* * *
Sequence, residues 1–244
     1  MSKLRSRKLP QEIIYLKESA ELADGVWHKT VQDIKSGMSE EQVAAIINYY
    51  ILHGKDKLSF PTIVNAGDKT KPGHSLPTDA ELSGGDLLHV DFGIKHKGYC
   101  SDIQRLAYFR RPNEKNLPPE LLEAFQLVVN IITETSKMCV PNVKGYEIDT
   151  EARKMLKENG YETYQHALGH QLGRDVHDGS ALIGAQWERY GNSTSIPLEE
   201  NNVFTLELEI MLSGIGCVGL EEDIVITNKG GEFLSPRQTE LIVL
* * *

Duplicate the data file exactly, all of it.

Sequence, residues 1–244
     1  MSKLRSRKLP QEIIYLKESA ELADGVWHKT VQDIKSGMSE EQVAAIINYY
    51  ILHGKDKLSF PTIVNAGDKT KPGHSLPTDA ELSGGDLLHV DFGIKHKGYC
   101  SDIQRLAYFR RPNEKNLPPE LLEAFQLVVN IITETSKMCV PNVKGYEIDT
   151  EARKMLKENG YETYQHALGH QLGRDVHDGS ALIGAQWERY GNSTSIPLEE
   201  NNVFTLELEI MLSGIGCVGL EEDIVITNKG GEFLSPRQTE LIVL